Galvanizing event delivers potent messages on stage in "The Ballad of Trayvon Martin"
PHILADELPHIA >> Trayvon Martin has often been in the thoughts of playwright and activist Rajendra Ramoon Maharaj in the four years since the 17-year-old unarmed black boy was shot and killed after a confrontation with neighborhood watchman George Zimmerman.
He has wondered about Martin's dreams, his life and the moments before he died.
Maharaj has channeled those thoughts into a two-hour play at Philadelphia's New Freedom Theater, where it opened Thursday and is scheduled to run through Sunday. "The Ballad of Trayvon Martin," co-written with Thomas Soto, explores the idea of the dangerous consequences for black boys and men of being perceived as a threat through the lens of Martin, whose death in Sanford, Florida, on Feb. 26, 2012, was a galvanizing event for many black Americans and seen by some as the nascent origins of the Black Lives Matter movement underway across the country.
Maharaj wrote the play six months after Zimmerman was acquitted of Martin's death in 2013.
"My grandmother would say, 'There are things that are put on you and they never go away,'" Maharaj said in an interview with The Associated Press. "That was something that was put on me. It angered me so deeply, and I just didn't know what to do. We're left with the question of, How do we move ahead and make sure Trayvon's death is not in vain? The theater is a great place where we can do that. For me, it's the great equalizer."
The star's message to the audience: Feel me. See me. Don't shoot me.
Martin is played by 16-year-old Amir Randall, who was 12 when Martin was killed.
"I remember (Martin's death) very vividly, but I wasn't socially aware then, so it didn't affect me the way that it should have," Randall said. "I didn't understand that he had dreams. I researched other black children who met their demise. ... This has happened for so long. I have all these names and lost souls to portray on stage and make people understand. Kids my age are losing their lives."
As he prepared for his role and learned more about Martin, Randall found the two shared a dream of becoming a pilot, were both interested in girls and liked football. Randall said the experience of playing Martin has made him wonder whether he will live to reach his goals as he approaches his own 17th birthday this year.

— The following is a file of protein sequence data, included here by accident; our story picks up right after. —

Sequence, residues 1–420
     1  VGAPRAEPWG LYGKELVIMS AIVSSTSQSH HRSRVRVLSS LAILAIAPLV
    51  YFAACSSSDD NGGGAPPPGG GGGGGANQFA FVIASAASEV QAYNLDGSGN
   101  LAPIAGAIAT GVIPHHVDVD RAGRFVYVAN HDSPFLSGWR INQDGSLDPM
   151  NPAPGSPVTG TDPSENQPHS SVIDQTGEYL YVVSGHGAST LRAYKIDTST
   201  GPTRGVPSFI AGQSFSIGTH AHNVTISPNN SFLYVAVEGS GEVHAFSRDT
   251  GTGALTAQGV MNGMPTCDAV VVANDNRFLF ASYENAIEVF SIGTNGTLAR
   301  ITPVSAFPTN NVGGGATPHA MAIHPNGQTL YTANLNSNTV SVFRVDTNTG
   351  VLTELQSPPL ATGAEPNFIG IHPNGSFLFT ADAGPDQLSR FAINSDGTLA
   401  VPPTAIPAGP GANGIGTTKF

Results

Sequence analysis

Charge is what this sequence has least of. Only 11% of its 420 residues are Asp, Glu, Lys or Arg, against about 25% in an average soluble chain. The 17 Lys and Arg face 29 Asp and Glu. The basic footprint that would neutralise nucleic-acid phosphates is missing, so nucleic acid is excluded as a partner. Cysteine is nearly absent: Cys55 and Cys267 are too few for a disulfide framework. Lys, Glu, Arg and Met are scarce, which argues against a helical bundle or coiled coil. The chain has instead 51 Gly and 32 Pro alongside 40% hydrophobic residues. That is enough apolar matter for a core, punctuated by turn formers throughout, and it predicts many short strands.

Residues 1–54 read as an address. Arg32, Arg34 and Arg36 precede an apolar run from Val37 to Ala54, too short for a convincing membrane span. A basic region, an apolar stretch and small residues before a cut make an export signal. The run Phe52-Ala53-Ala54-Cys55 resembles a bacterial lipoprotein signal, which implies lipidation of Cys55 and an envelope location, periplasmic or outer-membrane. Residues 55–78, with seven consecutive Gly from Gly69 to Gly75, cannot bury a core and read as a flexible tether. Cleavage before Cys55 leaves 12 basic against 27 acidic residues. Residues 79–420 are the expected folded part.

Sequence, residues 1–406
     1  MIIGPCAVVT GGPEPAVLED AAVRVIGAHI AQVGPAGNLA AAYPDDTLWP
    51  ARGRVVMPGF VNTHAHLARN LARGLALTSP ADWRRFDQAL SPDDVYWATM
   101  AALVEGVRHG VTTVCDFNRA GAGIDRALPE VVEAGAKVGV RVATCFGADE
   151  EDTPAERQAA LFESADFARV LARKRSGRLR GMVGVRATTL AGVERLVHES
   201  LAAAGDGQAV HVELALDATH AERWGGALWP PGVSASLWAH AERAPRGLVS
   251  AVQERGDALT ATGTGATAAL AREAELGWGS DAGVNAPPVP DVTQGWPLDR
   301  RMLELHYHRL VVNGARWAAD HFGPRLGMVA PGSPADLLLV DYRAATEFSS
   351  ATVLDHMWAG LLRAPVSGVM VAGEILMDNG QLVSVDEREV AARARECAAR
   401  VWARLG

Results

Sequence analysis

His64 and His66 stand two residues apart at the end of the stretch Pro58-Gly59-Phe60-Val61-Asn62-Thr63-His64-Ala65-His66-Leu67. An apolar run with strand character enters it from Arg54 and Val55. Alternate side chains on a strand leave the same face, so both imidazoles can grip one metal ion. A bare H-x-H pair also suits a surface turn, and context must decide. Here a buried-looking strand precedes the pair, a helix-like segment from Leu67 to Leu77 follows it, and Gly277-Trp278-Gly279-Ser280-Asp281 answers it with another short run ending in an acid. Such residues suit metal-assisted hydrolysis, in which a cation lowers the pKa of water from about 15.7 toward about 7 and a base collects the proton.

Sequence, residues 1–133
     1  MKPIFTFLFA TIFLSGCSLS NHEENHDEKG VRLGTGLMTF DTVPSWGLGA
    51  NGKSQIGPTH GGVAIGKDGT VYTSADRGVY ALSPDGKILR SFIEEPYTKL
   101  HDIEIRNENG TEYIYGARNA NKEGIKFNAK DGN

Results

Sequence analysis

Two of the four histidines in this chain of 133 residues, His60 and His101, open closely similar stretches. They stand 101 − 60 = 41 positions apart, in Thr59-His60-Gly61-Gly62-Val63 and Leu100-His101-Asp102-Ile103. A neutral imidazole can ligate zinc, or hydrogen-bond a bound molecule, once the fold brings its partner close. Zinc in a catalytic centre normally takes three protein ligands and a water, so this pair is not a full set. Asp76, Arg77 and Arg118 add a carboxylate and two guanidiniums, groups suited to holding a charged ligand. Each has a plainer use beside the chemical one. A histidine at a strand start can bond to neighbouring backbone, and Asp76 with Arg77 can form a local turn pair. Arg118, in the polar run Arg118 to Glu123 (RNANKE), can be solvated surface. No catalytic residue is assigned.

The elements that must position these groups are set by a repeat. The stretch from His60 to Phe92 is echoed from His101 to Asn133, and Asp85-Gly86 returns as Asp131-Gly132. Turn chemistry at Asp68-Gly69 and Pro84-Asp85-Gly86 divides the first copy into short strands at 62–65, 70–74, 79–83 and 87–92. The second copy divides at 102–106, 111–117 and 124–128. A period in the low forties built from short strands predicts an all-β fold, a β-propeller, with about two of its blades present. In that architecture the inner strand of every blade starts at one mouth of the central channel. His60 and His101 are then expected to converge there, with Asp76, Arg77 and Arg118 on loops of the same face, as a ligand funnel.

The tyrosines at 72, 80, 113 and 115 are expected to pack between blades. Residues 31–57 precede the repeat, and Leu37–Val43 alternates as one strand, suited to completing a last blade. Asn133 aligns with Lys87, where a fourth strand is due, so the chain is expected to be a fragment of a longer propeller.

"Most of my friends are thinking about college and jobs," said Randall, a high school sophomore. "I'm thinking, 'What am I going to do tomorrow? Can I wear my suit in this neighborhood?' You can have all these dreams, and in a second, they disappear. I'm trying to put all of my strength into this, just in case something does happen to me."
Maharaj envisions Martin's death as a bridge between Black Lives Matter and the civil rights movement. Emmett Till, whose 1955 lynching in Mississippi spurred black people into action more than 60 years ago, is a spirit guide in the play, which also recalls the deaths of other black men. But Maharaj, whose previous work has reached back to civil rights era figures from the Little Rock Nine to Lorraine Hansberry and James Baldwin, also intentionally fuses the modern element of the Internet into the play — a key element of the power of Martin's story, one of the first to gain traction on social media.
In one scene, Martin asks Till, "Will there be others?" Till responds, "Listen," as the cast speaks the names of those who have died before and after him.
"The struggle continues," Maharaj says. "Trayvon Martin has been a rallying call that we have a lot of work to do in this country. That generation did not let go of Emmett Till. That's what the Black Lives Matter movement is doing, stirring something that has been there."
TALK TO US
If you'd like to leave a comment (or a tip or a question) about this story with the editors, please email us. We also welcome letters to the editor for publication; you can do that by filling out our letters form and submitting it to the newsroom.